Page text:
It’s over a year now since we performed in public, the last time I performed was the South West Brass Band regional competition in Torquay in March 2020. Whether that should have gone ahead is a matter of debate, but it recently set me thinking about the nature of the new world of performance that we moved into.
Performance generally has been a concert or a competition on a stage with lots of people in the audience, the buzz of anticipation and just a sense of having a lot of people around. That has all gone temporarily but what has actually replaced it?
Most bands won’t get onto TV so that avenue isn’t really open to us, radio is a little different as there are some specialist online brass band radio stations around and does give some bands an opportunity to air their music. What the lockdown has done though is to open up a whole new genre for music performance, ie video performances over the internet. When we first started online we tried to organise some live rehearsals which, to be honest were a disaster! Zoom doesn’t work well if more than one person is playing at a time, internet lags mean that it is impossible to keep everybody playing together, all you can hear is a cacophony. One of the things that did work really well though was the virtual concert, where individuals recorded a piece which was then collated with those created by others and broadcast as a normal concert would be. Accompaniments could be added, either played with the recording or mixed afterwards, which would make a perfectly good evenings entertainment.
But what of the experience compared to a normal event, well that largely depends on the quality of the recording. A good one can highlight the musical moods and expressions equally well but the sound quality can be variable. So what about the 2 dimensional nature of the computer screen that these videos are broadcast on? This is the main problem. When a piece is performed in a live concert all sorts of messages and nuances are received by the listener from the hall where it is being played. Sounds bouncing off walls and ceilings are added to those coming from performers in different places on the stage, to create a vibrant surround-sound experience as the ear gets information from multiple sources. Visually, an online recording only has 2 dimensions and the loss of the third dimension means it is more like watching the TV or film. Sound wise, many videos can create a simulated stereo effect where the creator can pan the sound so that a player on the right hand side can be heard through the right hand speaker, and a player on the left can be heard from the left hand speaker. This is unlike a concert hall as there is very little resonance and the sound comes from only two directions, leaving the experience somewhat flat in comparison.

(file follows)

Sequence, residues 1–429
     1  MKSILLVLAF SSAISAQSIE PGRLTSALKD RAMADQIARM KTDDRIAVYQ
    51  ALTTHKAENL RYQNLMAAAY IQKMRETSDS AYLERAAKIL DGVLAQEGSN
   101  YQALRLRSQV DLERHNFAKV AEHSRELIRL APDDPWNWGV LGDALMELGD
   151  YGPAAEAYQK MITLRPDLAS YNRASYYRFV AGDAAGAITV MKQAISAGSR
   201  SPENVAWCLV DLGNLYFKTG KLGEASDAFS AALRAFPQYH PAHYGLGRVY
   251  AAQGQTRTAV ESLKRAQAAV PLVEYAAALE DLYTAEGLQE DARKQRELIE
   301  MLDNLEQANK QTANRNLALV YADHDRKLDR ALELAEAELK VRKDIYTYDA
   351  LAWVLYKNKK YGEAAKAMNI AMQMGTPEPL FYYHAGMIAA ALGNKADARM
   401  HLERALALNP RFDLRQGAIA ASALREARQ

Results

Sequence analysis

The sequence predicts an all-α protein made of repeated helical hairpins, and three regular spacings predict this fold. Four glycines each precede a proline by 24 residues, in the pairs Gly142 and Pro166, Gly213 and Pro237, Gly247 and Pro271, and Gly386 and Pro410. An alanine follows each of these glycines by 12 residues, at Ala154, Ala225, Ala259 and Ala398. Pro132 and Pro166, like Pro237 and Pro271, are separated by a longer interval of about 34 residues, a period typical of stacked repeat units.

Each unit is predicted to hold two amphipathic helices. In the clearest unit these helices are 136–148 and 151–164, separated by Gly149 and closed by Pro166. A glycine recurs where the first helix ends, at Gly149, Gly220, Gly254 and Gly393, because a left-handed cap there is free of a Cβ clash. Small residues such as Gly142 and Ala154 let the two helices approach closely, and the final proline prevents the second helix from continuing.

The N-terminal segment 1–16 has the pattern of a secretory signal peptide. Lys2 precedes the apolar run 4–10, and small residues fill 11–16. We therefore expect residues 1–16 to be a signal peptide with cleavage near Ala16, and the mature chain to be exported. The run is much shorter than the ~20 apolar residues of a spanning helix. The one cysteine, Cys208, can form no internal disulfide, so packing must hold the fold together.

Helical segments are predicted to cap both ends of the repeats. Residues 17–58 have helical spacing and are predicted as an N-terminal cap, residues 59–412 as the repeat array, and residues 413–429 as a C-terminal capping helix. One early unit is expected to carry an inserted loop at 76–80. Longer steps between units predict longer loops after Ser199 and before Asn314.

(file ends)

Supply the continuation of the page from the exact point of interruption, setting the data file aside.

Videos may not be perfect from a technical point of view but they have had many benefits over the past year. Many bands have recorded online videos, allowing individual players to record their own parts at home, and someone who is a bit tech-savvy then collates them and mixes them together to create a complete performance. What is surprising about these is that when you record a part on your own at home it sounds a bit flat and dull. When it is mixed with others it provides a more vibrant sound, almost like a live band and can make a pleasantly blended sound. There are plenty of examples of this type of work on Facebook and Youtube. Of course, they aren’t the same quality as a live performance for all the reasons stated above. The players don’t have the luxury of being able to listen to others around them for tuning and togetherness, but they have provided an outlet for musicians when they were unable to do anything else.
Video performances are a new and different performance medium for bands to exploit and it would be nice to think that this format will be developed even when things are back to normal. Musicians can reach a much wider audience online than in their local communities, so as a marketing tool it could be useful for a bands profile.
The biggest benefit though is the development of new skills, particularly technology. Before March 2020 how many of us could, and would, think about recording in the way we do now. How many of us knew how to produce a reasonable quality video, and how many of us could use editing software to make a multi-player recording remotely over the internet. That is a challenge that many musicians have risen to; my hat goes off to all those amateur players who have engaged with this.
Lets keep it going in some form or other.